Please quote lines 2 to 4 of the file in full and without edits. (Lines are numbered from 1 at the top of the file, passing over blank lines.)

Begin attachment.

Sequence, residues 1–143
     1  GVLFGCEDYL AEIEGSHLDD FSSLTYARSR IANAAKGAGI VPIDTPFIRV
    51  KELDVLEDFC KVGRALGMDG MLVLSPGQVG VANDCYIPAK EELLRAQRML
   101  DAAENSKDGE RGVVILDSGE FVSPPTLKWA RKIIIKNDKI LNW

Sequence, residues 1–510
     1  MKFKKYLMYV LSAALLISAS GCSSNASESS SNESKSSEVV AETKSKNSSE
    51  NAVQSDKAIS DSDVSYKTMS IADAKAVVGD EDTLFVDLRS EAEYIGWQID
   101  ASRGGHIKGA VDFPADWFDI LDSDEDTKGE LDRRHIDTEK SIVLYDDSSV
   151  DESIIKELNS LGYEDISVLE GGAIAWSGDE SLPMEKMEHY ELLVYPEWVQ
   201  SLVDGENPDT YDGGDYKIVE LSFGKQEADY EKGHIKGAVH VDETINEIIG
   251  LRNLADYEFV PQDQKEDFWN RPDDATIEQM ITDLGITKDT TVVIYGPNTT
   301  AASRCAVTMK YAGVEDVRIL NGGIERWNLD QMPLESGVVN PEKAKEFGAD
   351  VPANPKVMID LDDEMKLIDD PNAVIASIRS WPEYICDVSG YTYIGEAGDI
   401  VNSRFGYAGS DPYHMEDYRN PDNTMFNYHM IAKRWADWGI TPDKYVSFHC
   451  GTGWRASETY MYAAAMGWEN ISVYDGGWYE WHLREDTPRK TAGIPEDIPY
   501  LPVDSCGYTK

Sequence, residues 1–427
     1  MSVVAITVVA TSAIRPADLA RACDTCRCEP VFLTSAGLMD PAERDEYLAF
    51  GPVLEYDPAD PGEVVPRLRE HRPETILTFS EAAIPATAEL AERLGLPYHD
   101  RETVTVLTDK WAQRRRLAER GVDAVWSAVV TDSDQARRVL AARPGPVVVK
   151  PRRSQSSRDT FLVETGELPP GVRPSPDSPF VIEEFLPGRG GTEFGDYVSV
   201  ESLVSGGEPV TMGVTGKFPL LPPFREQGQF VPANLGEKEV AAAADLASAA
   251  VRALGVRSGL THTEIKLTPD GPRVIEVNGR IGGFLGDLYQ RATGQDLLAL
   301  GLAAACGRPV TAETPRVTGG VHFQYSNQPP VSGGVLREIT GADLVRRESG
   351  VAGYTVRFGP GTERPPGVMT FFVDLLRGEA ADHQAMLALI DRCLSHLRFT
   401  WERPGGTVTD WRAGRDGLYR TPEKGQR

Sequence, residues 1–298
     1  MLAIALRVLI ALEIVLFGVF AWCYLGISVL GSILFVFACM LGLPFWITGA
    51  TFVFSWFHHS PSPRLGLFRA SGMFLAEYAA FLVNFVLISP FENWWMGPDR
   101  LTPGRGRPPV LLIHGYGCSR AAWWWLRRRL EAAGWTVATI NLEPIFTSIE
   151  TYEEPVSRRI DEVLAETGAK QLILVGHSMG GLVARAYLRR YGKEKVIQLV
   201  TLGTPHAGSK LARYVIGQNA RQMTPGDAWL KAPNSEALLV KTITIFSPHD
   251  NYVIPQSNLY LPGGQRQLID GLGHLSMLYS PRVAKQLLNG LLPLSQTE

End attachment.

     1  GVLFGCEDYL AEIEGSHLDD FSSLTYARSR IANAAKGAGI VPIDTPFIRV
    51  KELDVLEDFC KVGRALGMDG MLVLSPGQVG VANDCYIPAK EELLRAQRML
   101  DAAENSKDGE RGVVILDSGE FVSPPTLKWA RKIIIKNDKI LNW